What does this mean for Aragorn? Éowyn practically threw herself at the man and still he did not give in to the temptation to leave Arwen. There is, I suppose, a question as to whether he felt temptation. He certainly cared about Éowyn but would he have honestly considered being in a relationship with her? Based off of Tolkien’s opinions on love and marriage, I believe the temptation to run off with Éowyn would be present. After all, if men are naturally non-monogamous they must, when an attractive woman makes it plain that she’s interested, consider the possibility of being with the willing, beautiful, and, of course, present woman. Aragorn never strays, though it certainly would have been a lot easier for him to just marry a human princess and stop worrying about trying to prove himself to a grumpy, protective father in order to marry a willing, beautiful maiden who will, because of him, be forced to give up her culture, family, and, you know, life. The kind of devotion Aragorn shows to Arwen, even in the face of a simpler situation, shows that he truly loves her. It makes their relationship all the more significant.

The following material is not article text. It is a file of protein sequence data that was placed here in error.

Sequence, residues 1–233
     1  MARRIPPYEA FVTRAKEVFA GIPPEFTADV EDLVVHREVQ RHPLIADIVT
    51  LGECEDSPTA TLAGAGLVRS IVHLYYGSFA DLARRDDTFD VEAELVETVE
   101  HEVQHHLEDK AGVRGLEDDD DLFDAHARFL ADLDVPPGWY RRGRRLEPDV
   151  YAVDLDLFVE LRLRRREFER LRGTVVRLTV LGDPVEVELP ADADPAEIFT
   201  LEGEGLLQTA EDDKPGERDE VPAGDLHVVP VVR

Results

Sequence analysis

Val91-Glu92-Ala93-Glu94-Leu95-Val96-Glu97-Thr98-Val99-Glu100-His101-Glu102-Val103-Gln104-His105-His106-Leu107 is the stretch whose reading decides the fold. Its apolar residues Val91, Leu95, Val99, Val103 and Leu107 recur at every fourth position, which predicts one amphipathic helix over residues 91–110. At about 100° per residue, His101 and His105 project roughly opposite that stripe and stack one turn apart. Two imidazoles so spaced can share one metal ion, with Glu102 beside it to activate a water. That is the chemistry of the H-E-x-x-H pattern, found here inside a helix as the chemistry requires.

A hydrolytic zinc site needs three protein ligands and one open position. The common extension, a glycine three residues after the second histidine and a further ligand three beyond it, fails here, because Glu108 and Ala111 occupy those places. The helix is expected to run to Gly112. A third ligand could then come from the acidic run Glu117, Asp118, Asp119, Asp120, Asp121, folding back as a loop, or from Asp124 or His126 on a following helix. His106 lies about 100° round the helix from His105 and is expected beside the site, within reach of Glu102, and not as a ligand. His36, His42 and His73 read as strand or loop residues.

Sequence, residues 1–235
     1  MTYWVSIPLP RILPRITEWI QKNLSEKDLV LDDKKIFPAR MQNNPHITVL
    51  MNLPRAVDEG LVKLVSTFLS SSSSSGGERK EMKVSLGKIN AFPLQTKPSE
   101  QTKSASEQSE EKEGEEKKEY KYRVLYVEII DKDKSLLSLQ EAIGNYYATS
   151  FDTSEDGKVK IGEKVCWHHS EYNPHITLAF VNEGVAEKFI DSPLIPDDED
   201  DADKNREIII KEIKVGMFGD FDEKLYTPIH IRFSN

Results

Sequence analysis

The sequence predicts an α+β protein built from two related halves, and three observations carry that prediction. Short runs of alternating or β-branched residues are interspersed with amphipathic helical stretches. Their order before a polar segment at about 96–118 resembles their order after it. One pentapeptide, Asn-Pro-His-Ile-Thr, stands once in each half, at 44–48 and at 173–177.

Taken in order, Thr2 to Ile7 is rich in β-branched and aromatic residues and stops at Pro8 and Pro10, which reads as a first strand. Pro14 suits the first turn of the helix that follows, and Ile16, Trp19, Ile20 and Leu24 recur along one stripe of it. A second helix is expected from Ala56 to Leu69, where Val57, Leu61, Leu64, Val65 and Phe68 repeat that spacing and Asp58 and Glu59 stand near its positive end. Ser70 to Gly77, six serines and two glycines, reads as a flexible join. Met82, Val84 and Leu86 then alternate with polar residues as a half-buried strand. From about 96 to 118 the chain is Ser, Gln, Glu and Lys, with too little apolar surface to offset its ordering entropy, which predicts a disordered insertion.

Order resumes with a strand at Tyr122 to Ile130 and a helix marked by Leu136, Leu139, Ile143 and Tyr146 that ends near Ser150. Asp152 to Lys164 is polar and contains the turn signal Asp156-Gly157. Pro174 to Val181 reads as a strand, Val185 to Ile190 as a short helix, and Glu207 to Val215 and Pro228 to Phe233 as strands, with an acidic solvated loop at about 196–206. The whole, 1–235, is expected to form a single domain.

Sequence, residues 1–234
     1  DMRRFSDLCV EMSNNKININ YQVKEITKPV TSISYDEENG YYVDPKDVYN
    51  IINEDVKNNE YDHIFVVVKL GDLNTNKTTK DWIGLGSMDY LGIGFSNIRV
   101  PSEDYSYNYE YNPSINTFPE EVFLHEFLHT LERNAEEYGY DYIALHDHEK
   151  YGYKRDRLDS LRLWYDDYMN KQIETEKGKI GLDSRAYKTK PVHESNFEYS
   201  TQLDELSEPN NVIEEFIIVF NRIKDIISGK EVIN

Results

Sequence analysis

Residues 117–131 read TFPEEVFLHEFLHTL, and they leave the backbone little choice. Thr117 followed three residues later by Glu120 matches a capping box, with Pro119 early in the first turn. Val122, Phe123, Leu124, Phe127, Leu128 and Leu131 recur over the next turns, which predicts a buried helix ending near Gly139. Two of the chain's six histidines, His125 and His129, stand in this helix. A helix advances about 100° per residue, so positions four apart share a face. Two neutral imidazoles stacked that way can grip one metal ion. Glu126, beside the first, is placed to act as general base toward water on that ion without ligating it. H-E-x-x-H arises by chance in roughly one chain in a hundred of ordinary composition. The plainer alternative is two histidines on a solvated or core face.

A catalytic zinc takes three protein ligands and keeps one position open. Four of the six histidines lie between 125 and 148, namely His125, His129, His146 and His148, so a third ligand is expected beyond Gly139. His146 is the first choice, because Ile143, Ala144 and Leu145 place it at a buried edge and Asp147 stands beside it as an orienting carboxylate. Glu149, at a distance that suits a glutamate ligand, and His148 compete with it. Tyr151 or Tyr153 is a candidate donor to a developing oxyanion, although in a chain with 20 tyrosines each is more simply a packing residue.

However, Tolkien also says, “Nearly all marriages, even happy ones, are mistakes: in the sense that almost certainly […] both partners might have found more suitable mates.” Does this mean that marriages in The Lord of the Rings are potentially mistakes? I do not think so. Tolkien seems to view his own real life experience as very exceptional and exceptionally wonderful. I believe he transfers this idea, once again, to Aragorn and Beren, giving them the exceptional relationship he shared with his wife. What about Éowyn and Faramir? What about Rosie and Sam? Are their relationships mistakes? They do not go through nearly the same amount of temptation and struggle that Aragorn and Arwen go through. However, I think Tolkien would have seen their marriages as good and right choices, as far as they could tell. In his discussion on soul mates, Tolkien makes it clear that your soul mate becomes the individual you marry and that life and circumstances do a lot more of the choosing than any one person does. In this sense, all of the couples were meant to be together, even if they might not be perfect.
Tolkien takes matters of love very seriously. Perhaps this is because of his own life or maybe just because he thinks they should be treated as important. He carefully plans and writes (as he always does) the romances to emphasis the elements he considered the most important: marriage, faithfulness, and self-denial. I think these elements, elements that are vital for romantic relationships, are also essential in the rest of Tolkien’s legendarium. Themes of life and death are married to immortality and uncertainty, Sam follows Frodo without any thought of turning back (stupid movie), and characters like Frodo and Galadriel give up everything in order to save Middle Earth. Romance within the legendarium reveals not just Tolkien’s ideas of love but also his ideas of the world.